(BEIRUT) — Turkey said Thursday that autopsies of Syrian victims from this week's assault in Syria's Idlib province show they were subjected to chemical weapons, as France's foreign minister called for the prosecution of President Bashar Assad's government amid growing international outrage over the assault that activists say killed 86 people.
Syria maintains it didn't use chemical weapons, instead blaming the rebels for stockpiling the deadly substance.
"I stress, once again, that the Syrian Arab Army did not and will not use such weapons even against the terrorists who are targeting our people," Syria's Foreign Minister Walid Moallem told reporters in Damascus.
In Turkey, state-run Anadolu and the private DHA news agencies quoted Justice Minister Bekir Bozdag as saying that "it was determined after the autopsy that a chemical weapon was used."
Later on Thursday, the Turkish Health Ministry issued a statement saying that "according to the results of the first analysis, there were findings suggesting that the patients were exposed to chemical substance (sarin)." The statement also said the Organization for the Prohibition of Chemical Weapons would also test the samples in The Hague.
Turkish officials say that close to 60 victims of the attack were brought to Turkey for treatment and three of them died.
Tuesday's attack happened just 100 kilometers (60 miles) from the Turkish border, and the Turkish government — a close ally of Syrian rebels — set up a decontamination center at a border crossing in the province of Hatay, where the victims were initially treated before being moved to hospitals.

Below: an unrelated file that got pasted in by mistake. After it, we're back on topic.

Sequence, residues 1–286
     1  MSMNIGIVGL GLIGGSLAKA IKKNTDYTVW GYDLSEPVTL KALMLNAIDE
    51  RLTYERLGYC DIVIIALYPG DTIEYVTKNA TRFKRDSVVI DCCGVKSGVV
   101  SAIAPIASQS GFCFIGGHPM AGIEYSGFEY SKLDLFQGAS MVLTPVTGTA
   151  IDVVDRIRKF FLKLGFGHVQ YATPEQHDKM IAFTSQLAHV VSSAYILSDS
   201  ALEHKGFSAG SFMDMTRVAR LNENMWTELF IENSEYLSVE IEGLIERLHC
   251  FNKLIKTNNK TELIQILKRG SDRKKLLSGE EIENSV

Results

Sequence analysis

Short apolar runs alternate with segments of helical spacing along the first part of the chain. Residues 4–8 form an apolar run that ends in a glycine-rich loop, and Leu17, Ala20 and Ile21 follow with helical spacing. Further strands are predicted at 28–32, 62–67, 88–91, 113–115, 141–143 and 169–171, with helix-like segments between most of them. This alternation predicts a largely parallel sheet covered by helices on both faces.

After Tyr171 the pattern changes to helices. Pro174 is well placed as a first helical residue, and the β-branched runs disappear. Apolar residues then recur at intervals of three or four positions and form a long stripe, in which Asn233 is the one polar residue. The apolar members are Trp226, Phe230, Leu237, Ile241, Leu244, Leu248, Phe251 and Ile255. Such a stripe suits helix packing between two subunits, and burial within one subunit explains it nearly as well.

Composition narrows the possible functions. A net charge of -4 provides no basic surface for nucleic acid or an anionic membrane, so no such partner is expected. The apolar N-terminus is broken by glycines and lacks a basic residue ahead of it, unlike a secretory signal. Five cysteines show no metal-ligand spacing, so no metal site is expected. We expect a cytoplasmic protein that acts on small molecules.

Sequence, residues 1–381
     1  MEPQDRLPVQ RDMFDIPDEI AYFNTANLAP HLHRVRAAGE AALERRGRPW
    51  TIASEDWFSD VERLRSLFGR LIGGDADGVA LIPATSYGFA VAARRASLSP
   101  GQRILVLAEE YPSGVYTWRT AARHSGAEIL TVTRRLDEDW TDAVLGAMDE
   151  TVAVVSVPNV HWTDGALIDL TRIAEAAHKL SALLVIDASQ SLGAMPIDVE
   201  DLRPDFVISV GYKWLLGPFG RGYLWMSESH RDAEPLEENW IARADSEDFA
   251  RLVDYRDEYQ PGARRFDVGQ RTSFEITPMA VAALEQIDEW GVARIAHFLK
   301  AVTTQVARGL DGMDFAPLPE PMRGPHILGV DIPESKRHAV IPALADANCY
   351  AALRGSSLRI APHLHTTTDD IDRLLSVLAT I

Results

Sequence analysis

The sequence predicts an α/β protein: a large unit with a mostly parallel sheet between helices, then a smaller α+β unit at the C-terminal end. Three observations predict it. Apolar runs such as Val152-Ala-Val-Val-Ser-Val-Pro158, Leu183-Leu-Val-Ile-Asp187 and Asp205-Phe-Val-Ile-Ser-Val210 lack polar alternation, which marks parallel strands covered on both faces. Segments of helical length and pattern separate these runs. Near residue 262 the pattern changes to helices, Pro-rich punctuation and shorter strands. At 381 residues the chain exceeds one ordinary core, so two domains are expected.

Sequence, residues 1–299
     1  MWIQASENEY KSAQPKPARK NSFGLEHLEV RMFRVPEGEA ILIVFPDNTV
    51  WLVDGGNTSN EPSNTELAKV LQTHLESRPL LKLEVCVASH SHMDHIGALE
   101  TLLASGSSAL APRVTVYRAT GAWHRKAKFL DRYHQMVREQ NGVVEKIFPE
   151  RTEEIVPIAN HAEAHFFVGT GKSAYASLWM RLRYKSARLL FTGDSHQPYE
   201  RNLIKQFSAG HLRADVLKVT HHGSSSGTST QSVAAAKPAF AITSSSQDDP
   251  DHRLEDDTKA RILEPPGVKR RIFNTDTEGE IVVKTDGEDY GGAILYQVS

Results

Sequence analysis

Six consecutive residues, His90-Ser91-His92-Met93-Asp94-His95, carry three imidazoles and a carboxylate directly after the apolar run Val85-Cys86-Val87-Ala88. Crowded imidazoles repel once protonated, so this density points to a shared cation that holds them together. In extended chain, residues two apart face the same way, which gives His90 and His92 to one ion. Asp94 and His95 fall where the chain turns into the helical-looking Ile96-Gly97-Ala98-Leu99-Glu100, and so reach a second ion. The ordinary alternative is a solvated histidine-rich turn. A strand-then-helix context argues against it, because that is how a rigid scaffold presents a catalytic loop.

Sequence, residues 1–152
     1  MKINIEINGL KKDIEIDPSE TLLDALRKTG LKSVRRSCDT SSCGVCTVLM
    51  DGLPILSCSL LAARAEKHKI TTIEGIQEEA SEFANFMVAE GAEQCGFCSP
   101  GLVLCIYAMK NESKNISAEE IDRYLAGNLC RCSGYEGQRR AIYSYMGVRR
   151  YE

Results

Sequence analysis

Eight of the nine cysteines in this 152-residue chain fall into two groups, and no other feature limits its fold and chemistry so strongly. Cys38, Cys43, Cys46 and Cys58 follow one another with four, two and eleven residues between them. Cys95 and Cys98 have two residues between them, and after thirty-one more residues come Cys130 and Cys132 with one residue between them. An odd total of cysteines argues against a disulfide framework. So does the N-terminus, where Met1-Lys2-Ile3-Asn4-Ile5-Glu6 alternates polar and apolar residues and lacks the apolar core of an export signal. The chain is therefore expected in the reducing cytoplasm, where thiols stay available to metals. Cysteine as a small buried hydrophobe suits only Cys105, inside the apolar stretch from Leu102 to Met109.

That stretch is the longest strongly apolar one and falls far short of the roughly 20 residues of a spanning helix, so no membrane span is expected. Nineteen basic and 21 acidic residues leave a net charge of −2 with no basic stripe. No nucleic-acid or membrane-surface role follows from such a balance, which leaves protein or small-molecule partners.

Russia's Defense Ministry said the toxic agents were released when a Syrian airstrike hit a rebel chemical weapons arsenal and munitions factory on the town's eastern outskirts.
Russian President Vladimir Putin warned against apportioning blame for the attack until an investigation has been carried out.
At the press conference in Damascus, Moallem also echoed that statement, saying the Syrian army bombed a warehouse belonging to al-Qaida's branch in Syria that contained chemical weapons. He did not say whether the government knew in advance that the warehouse contained chemical weapons.
Asked whether his country would give access to a fact-finding mission over the use of chemical weapons, Moallem said: "Our experiences with international investigating committees were not encouraging, because they come out of Damascus with certain indications which then change at their headquarters."
He said Damascus wants guarantees that any investigation would be impartial and non-politicized. He also said such a committee should start from Damascus and not from Turkey. "Once we reach convincing answers we will give our answer," he said.
The area of the town is difficult to access and as more time passes in the aftermath of the attack, it will be increasingly difficult to determine exactly what happened.
Turkish media have reported that World Health Organization experts took part in the autopsies of Syrian victims conducted in a hospital in the Turkish city of Adana late Wednesday.